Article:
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New federal laws have money for climate projects — if communities can actually get it

AILSA CHANG, HOST:

Communities nationwide are trying to protect themselves from the effects of climate change. They're shoring up coastlines, they're making roads higher. And all of that is expensive. Now two new laws aim to help with tens of billions of federal dollars. But as WABE's Emily Jones reports, that money can be very hard to get.

EMILY JONES, BYLINE: Tybee Island sits off Georgia's coast near Savannah. It's home to about 3,000 people and popular as a beach destination. And it has a problem every time it rains.

ALAN ROBERTSON: So all the stormwater drains into here. Let me show you this.

JONES: Tybee resident Alan Robertson points to the pipe where the island's stormwater is supposed to drain out when it rains. It's buried by sand.

ROBERTSON: The pipe's under there - (laughter) you can't see it, but there - so what happens is, when it gets covered with sand and the tide rises, there's nowhere for the stormwater to go.

JONES: The water backs up in the system and ends up flooding the roads.

ROBERTSON: So the city has to clear this every day.

JONES: Climate change is making the problem worse. Between rising sea levels and worsening rainfall, the island's entire stormwater system will need to be reengineered. Tybee is not alone. Communities across the country have problems like this. Flooding, wildfires, heat waves and droughts are getting more intense as fossil fuel emissions warm the planet. People need to be protected. Infrastructure like roads and stormwater systems need to be fortified. Doing all of that takes a lot of money. The good news? The federal government is making a ton of money available thanks to a pair of landmark new climate and infrastructure laws. The bad news? That money can be really hard to get.

MICHAEL DEXTER: There are so many new opportunities coming down the line that it's hard to keep track.

JONES: Michael Dexter is with the Southeast Sustainability Directors Network. His whole job is helping cities with federal grants. And yet...

DEXTER: It's still hard to look across multiple federal agencies, dozens if not hundreds of different grant programs...

JONES: And figure out which one works for your city. Last year's Inflation Reduction Act and the 2021 infrastructure law together contain more than $50 billion over the next decade to address climate impacts. But to get the money, communities have to apply. You need data and plans. Sometimes cash-strapped cities need to come up with some funding on their own. Last fall, at a meeting of government staff in coastal Georgia, participants listed the hurdles they have to clear to apply for funding.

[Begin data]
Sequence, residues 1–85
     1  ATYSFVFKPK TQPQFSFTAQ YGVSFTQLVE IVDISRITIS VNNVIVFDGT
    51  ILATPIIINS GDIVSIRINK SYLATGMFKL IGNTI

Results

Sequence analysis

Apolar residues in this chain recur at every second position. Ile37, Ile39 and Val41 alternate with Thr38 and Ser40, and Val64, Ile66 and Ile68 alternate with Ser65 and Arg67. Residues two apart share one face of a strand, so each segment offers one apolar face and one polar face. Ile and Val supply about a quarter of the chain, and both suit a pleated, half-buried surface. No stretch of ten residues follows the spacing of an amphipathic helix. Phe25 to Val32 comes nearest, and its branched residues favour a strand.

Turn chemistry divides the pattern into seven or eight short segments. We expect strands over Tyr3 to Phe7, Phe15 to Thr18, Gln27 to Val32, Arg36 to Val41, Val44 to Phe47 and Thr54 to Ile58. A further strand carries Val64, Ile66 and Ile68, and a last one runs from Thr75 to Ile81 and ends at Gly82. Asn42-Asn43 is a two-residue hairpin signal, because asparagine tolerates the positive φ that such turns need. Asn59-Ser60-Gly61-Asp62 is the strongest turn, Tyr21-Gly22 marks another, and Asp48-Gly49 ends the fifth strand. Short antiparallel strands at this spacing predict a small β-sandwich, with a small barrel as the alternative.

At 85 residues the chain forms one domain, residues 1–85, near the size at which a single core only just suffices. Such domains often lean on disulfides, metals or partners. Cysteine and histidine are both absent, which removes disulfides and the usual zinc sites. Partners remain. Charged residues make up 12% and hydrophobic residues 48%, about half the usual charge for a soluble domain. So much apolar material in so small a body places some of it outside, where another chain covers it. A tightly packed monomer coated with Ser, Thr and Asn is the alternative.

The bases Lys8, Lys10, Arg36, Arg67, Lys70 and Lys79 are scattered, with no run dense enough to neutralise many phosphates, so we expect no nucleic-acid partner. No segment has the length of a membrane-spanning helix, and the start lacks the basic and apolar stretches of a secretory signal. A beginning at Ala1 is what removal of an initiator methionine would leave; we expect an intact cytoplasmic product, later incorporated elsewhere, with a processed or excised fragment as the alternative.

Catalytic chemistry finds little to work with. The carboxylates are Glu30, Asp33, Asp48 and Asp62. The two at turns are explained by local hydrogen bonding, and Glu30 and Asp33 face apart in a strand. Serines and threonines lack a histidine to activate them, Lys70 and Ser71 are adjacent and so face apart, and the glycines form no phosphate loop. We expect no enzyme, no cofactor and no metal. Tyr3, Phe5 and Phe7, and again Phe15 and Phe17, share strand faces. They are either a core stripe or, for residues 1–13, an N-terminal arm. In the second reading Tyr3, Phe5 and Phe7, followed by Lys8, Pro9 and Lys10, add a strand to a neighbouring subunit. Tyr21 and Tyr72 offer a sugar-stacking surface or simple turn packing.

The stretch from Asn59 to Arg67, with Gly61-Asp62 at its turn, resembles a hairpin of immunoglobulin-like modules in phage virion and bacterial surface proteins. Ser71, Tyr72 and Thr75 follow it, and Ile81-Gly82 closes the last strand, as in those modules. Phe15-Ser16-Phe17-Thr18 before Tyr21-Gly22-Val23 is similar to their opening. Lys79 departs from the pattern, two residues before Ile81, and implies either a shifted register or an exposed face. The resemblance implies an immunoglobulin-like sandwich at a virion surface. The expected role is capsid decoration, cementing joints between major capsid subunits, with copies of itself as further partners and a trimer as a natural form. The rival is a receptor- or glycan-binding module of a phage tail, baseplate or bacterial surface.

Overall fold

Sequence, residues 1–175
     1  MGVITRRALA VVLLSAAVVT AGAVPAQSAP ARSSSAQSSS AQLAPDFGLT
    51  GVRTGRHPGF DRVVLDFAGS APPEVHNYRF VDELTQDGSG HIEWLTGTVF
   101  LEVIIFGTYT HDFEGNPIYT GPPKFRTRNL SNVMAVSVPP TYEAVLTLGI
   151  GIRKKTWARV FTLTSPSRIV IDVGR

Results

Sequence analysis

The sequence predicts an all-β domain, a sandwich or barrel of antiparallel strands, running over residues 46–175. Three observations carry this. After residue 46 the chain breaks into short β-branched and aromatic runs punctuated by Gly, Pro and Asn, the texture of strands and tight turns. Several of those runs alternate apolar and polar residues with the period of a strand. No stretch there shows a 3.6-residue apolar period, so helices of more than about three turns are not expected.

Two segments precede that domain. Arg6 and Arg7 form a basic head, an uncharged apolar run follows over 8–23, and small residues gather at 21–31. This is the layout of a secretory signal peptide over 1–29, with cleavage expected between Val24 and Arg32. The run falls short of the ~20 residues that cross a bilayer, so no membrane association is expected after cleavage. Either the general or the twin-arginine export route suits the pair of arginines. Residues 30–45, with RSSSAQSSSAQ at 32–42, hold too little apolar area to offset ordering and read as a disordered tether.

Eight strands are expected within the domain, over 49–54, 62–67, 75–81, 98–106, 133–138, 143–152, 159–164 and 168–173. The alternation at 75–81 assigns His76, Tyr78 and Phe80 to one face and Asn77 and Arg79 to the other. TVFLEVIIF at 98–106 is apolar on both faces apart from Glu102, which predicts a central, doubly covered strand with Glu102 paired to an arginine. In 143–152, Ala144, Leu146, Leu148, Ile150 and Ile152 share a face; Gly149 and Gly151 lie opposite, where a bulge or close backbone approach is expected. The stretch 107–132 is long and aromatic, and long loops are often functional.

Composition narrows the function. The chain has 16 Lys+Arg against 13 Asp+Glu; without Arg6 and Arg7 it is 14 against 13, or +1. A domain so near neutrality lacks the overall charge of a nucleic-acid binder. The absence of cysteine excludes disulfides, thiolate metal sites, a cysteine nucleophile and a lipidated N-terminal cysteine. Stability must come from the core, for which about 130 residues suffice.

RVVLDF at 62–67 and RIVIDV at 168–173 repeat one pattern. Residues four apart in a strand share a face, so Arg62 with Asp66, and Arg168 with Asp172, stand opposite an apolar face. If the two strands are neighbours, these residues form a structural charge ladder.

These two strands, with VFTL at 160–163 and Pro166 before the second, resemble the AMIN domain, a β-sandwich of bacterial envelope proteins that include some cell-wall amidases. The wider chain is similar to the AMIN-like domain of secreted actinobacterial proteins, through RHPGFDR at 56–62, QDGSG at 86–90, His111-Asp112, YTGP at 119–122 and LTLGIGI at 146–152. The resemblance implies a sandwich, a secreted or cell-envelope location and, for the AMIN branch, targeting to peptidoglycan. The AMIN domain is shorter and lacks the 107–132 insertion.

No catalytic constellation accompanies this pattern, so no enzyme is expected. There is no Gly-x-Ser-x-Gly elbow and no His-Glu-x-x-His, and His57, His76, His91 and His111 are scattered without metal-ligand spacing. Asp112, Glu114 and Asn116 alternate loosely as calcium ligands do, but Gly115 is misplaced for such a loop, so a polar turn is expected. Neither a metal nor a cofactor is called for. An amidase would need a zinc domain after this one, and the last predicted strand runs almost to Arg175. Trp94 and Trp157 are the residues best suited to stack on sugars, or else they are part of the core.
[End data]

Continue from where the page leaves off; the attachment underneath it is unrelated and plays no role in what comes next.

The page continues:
UNIDENTIFIED PERSON #1: Knowledge of the available grant opportunities. Of course, staff time.

UNIDENTIFIED PERSON #2: Legal review.

UNIDENTIFIED PERSON #3: Getting all the pieces together from the different stakeholders.

UNIDENTIFIED PERSON #2: Approval to submit the grant.

UNIDENTIFIED PERSON #1: And then, the last thing, what happens if we actually get the grant? Oh, my God. We have to...

(LAUGHTER)

UNIDENTIFIED PERSON #1: We have to do it.

JONES: It's all a lot to handle for understaffed local governments. That means accessing money can be hardest for the places that need it most. Nathaniel Smith of the nonprofit Partnership for Southern Equity says the whole process disadvantages many of the places most at risk from climate change, often poor communities and communities of color.

NATHANIEL SMITH: All of these things have helped to facilitate a competitive advantage of, in particular, white communities and well-resourced communities.

JONES: Lots of organizations are trying to help navigate the funding maze. And the federal government says it's learned from the past and is designing these programs with vulnerable places in mind. Daniel Blackman was, until recently, the Environmental Protection Agency's regional administrator for the Southeast.

DANIEL BLACKMAN: All these great numbers and these great programs means absolutely nothing if communities that need it most can't have access to it.

JONES: So federal agencies like the EPA and Department of Transportation are offering help with the application process. And some of the new funding is specifically earmarked for disadvantaged communities. Michael Dexter of the Southeast Sustainability Directors Network says no one knows yet if those efforts will be enough.

DEXTER: I was going to say, that's the $100 million question. No, that's the $1 trillion, multiple-trillion-dollar question.

JONES: And the answer is essential, because these landmark climate and infrastructure laws can only protect people from climate impacts if the money actually unclogs storm drains, like Tybee Islands', and keeps floodwater off the streets. Transcript provided by NPR, Copyright NPR.

NPR transcripts are created on a rush deadline by an NPR contractor. This text may not be in its final form and may be updated or revised in the future. Accuracy and availability may vary. The authoritative record of NPR’s programming is the audio record.

Emily Jones